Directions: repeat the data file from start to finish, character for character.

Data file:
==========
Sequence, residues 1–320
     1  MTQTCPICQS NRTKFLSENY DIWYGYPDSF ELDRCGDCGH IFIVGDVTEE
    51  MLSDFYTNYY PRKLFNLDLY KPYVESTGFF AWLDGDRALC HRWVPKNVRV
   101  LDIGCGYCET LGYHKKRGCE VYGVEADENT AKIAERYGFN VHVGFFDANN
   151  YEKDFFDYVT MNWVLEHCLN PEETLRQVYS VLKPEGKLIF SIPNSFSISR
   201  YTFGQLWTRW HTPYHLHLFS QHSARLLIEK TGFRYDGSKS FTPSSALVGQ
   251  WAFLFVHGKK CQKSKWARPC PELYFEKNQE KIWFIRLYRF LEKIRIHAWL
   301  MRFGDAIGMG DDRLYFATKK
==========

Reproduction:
Sequence, residues 1–320
     1  MTQTCPICQS NRTKFLSENY DIWYGYPDSF ELDRCGDCGH IFIVGDVTEE
    51  MLSDFYTNYY PRKLFNLDLY KPYVESTGFF AWLDGDRALC HRWVPKNVRV
   101  LDIGCGYCET LGYHKKRGCE VYGVEADENT AKIAERYGFN VHVGFFDANN
   151  YEKDFFDYVT MNWVLEHCLN PEETLRQVYS VLKPEGKLIF SIPNSFSISR
   201  YTFGQLWTRW HTPYHLHLFS QHSARLLIEK TGFRYDGSKS FTPSSALVGQ
   251  WAFLFVHGKK CQKSKWARPC PELYFEKNQE KIWFIRLYRF LEKIRIHAWL
   301  MRFGDAIGMG DDRLYFATKK